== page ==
The Hypersonic Tunnel Facility (HTF) at NASA’s Plum Brook Station located in Sandusky, OH, originally designed to test nuclear thermal rocket nozzles, is a hypersonic (Mach 5, 6, and 7) blowdown, nonvitiated freejet facility that tests large-scale hypersonic air-breathing propulsion systems.
Designed to conduct research, development, and acceptance testing of hypersonic airbreathing propulsion systems, the Hypersonic Tunnel Facility (HTF) is a fully self-contained facility. Its experimental infrastructure includes a shop area for fabrication of materials for facility subsystems and assembly of customer hardware. Due to the high-energy nature of the facility, it is operated remotely from a control room approximately one-quarter mile from the actual facility.
The HTF is a blow-down, non-vitiated, free jet wind tunnel that is capable of simulating Mach 5, Mach 6, and Mach 7 true enthalpy conditions. The primary performance differentiator between the HTF and other hypersonic free jet facilities is its non-vitiated (clean) flow. Whereas traditional facilities of this type utilize a combustion process to generate high enthalpy conditions required to simulate hypersonic flows, the HTF generates these conditions by flowing nitrogen gas through a 3 MW graphite core storage heater. This heated nitrogen is then mixed with ambient temperature oxygen and ambient temperature nitrogen to yield a flow of synthetic (true composition) air at the requisite stagnation temperature. Three interchangeable nozzles are used
to establish the facility Mach number condition of 5, 6, and 7. A nominal free jet test section ‘characteristic dimension’ is the nozzle exit diameter, 42 inches for the HTF. However, the hypersonic core flow varies with Mach number. The test section length can be adjusted from 10 feet to 14 feet in length. Utilization of aeroappliances around test hardware is standard practice. A single stage steam ejector is used to exhaust the facility flow and provide altitude simulation.
The facility’s size and long run duration allow for full systems testing of large flight rated structures and propulsion systems. The facility is capable of supporting both hydrogen and hydrocarbon fueled propulsion systems. In addition to free jet testing, the use of the facility to support direct connect subsonic and supersonic combustion is currently being developed. This capability would allow for the testing of large scale combustors in a non-vitiated flow.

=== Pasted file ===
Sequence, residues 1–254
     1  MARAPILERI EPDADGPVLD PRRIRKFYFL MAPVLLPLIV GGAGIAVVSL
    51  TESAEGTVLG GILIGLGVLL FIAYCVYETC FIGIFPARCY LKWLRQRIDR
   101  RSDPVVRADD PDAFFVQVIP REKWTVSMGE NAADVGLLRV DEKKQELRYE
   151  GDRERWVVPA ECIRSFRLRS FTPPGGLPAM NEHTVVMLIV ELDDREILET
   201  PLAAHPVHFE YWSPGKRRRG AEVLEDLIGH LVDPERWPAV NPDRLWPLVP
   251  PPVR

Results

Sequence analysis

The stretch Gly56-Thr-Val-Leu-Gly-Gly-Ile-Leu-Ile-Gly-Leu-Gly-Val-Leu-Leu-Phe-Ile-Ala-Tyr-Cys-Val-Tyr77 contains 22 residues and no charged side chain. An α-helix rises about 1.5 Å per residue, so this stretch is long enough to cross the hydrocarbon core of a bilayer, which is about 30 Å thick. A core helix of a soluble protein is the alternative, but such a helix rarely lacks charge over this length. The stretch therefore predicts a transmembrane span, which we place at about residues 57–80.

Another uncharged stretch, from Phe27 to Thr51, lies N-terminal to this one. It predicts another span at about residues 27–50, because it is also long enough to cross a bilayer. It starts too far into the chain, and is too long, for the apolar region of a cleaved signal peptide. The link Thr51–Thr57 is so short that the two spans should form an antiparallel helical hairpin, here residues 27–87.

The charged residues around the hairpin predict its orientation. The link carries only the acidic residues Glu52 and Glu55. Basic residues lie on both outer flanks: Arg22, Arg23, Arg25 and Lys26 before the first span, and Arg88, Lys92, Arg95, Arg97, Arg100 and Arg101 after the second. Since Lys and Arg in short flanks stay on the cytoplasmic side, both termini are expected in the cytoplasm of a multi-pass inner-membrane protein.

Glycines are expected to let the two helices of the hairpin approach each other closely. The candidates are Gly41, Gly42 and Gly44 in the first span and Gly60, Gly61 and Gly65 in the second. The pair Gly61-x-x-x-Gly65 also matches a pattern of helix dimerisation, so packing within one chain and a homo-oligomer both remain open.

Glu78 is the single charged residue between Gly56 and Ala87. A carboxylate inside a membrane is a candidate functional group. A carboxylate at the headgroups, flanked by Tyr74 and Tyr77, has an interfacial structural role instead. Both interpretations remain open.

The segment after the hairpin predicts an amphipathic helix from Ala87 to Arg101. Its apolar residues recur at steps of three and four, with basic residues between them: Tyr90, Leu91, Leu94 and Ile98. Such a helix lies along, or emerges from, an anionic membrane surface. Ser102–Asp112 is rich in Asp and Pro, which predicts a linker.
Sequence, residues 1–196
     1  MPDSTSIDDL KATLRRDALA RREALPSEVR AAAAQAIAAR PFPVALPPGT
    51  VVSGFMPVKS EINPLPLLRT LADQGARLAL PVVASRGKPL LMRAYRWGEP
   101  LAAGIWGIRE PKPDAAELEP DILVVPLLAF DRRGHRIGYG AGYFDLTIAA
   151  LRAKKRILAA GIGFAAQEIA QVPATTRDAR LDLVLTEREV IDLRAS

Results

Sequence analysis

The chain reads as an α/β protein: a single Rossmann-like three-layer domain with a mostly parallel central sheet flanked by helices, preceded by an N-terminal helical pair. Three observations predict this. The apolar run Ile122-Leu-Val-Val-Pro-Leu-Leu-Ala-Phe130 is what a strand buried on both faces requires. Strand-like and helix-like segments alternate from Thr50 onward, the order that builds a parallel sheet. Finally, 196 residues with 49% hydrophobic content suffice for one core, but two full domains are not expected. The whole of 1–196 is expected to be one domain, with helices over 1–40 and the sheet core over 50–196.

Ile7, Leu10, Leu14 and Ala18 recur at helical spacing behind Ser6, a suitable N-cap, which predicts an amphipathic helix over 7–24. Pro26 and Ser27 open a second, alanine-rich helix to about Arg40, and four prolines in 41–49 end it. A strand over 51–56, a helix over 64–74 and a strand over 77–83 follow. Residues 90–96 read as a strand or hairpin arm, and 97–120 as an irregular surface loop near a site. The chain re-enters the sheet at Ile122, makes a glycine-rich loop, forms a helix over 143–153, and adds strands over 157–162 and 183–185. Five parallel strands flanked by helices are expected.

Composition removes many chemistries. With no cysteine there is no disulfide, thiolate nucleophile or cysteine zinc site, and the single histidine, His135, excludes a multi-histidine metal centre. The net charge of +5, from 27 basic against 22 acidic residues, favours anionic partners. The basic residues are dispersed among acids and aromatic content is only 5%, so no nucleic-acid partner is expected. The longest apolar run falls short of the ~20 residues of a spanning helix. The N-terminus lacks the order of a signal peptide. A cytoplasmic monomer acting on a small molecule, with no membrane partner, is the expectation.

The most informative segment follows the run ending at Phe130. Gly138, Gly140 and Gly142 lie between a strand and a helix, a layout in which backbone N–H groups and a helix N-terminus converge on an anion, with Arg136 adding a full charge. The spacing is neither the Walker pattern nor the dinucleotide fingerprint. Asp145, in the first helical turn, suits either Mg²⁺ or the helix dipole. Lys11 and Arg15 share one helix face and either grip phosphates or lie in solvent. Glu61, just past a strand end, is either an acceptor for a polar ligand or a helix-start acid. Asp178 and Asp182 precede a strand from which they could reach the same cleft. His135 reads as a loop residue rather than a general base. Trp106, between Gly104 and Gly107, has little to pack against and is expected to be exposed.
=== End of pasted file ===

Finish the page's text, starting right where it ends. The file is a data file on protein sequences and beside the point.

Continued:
|Name||Hypersonic Tunnel Facility|
|Mach Number||5.0 – 7.0|
|Test Section||10 ft length available, expandable to 14 ft|
|Altitude||Up to 120,000 ft|
|Total Pressure||1200 psig maximum|
|Total Temperature||4500°R maximum|
- The HTF contains a large stand-alone experimental infrastructure that can be readily reconfigured to test a variety of ground test applications including high-energy, high-risk testing.
- In addition to free jet testing, the use of the facility to support direct connect subsonic and supersonic combustion is currently being developed.
- The HTF’s size and long run duration allow for full systems testing of large flight rated structures and propulsion systems.
- Originally designed to test nuclear thermal rocket nozzles as part of the Nuclear Engine for Rocket Vehicle Application (NERVA) program, the HTF was reconfigured as a hypersonic (Mach 5,6,7) blowdown, non-vitiated, free jet facility capable of testing large-scale hypersonic airbreathing propulsion systems.
- Blowdown, free-jet tunnel
- Utilizes nonvitiated air supply
- 3MW graphite storage heater
- True flight enthalpy test conditions
- Altitude simulation
- Air composition (Synthetic: GN2, GOx)
- Maximum Operating Conditions:
- 4500°R maximum total temperature (mixed)
- 1200 psig maximum total pressure
- 222 lbm/sec Total Flow
- Up to 120,000 ft altitude simulation
- 5 minute run time (depending on operating conditions)
- 42 in. exit diameter nozzle
- 14 ft test section length available that can be expanded to 14 ft to accommodate longer test articles
- 8500 lbf thrust balance – single axis
- Gaseous H2
- Liquid hydrocarbons (JP7, JP10, etc.)
- Upgrade possible for LOx and LH2
- LH2 system in standby
- PLC system – sequences facility systems
- Test Matrix Sequencer – sets run parameters
|Nozzle||Mach 5||Mach 6||Mach 7|
|Test Section||Mach 5||Mach 6||Mach 7|
|Run Time, sec||103a
Hypersonic Tunnel Facility (HTF)
Facility Manager: Hal Weaver
Plum Brook Station
Deputy Director: David Taylor
Using Our Facilities
NASA’s Glenn Research Center provides ground test facilities to industry, government, and academia. If you are considering testing in one of our facilities or would like further information about a specific facility or capability, please let us know.
Did you test in one of our facilities? Let us know about your experience by participating in our customer facility evaluation survey.